"Isn't this fun, huh, guys?" teacher Larry Hicks asked while handing out three of the cards. "You put your name on this card . . . everything on here you transfer to this (other) card, and then you put your locker number on this one. Are we clear?"
Julia Garcia did not understand a word. The ninth-grader sitting in the back of the classroom said she recently moved from Mexico, does not speak any English and had not been in school for two years. Yet, she is scheduled to attend only two classes for non-English-speaking students. Asked if she was nervous, she said, "Si, mucho. "
She probably has been assigned to classes for English-speaking students because bilingual classes have been filled, said Harold Barnes, Millikan assistant principal.
School officials acknowledge that there is a severe shortage of bilingual teachers in the district, in which ethnic student enrollment has increased.
Critical of Financing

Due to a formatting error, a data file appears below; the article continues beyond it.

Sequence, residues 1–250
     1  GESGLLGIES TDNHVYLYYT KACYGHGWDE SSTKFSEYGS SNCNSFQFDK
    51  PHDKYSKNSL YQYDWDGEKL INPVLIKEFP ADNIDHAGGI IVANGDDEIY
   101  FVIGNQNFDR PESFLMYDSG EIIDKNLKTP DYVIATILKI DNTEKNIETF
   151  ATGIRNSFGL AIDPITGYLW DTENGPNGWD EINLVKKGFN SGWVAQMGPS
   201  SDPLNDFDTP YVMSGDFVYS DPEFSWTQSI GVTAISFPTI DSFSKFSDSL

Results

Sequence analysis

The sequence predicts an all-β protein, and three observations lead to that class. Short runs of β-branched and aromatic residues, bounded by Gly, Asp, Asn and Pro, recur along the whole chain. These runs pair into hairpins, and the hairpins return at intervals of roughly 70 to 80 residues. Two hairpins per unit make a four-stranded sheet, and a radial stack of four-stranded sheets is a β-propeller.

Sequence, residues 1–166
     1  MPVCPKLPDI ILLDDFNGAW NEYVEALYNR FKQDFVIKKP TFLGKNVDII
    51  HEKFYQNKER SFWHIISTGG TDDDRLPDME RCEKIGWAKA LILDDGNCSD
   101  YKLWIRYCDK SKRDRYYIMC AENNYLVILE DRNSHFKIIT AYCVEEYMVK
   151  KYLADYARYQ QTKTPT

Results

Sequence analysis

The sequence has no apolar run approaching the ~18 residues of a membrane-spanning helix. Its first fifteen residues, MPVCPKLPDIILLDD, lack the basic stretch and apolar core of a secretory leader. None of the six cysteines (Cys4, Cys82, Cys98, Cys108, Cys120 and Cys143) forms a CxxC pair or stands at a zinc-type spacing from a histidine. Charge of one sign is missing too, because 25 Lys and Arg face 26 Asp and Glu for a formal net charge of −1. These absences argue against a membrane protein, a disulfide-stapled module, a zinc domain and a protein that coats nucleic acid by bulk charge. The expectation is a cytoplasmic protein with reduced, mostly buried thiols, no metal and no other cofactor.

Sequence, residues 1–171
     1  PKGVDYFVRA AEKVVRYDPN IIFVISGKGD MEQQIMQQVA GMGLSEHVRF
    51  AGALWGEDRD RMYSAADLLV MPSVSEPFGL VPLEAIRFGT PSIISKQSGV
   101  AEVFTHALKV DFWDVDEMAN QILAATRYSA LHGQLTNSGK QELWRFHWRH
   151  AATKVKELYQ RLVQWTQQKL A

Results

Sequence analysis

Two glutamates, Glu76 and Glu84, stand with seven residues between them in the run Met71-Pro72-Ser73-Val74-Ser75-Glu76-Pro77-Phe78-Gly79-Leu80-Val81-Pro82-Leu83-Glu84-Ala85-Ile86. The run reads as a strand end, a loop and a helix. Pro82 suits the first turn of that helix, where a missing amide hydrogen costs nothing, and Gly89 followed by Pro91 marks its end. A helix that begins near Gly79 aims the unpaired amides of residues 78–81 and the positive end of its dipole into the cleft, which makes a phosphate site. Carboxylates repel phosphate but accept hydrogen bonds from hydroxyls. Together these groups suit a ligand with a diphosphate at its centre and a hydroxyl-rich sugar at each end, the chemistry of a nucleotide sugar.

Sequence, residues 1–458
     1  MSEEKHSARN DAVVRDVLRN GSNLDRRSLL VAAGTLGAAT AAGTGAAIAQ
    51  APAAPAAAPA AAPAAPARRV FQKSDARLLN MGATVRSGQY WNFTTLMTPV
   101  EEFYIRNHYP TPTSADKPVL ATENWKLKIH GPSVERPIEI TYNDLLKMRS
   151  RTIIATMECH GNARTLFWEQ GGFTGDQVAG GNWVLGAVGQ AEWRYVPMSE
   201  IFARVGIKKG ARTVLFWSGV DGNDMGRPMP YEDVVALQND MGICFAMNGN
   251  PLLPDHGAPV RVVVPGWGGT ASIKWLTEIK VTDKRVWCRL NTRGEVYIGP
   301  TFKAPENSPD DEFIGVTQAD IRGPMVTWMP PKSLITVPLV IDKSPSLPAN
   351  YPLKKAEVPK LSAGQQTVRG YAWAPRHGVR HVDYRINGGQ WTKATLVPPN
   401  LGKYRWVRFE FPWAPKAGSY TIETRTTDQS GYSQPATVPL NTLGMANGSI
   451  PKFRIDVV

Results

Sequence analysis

Other major issues confronting the schools are large class sizes, drugs, gangs and lack of funds, Barnes said. "The state doesn't finance schools the way they should," he said.
But Barnes said his school has accommodated the ninth-graders--an increase of more than 800 students--by erecting nine portable classrooms and converting several teacher lounges to small classrooms.
Many of the teachers were not happy about giving up their lounges, but Barnes praised the school board's decision to move younger students to high schools.
"I think the ninth-graders will fit better here," he said.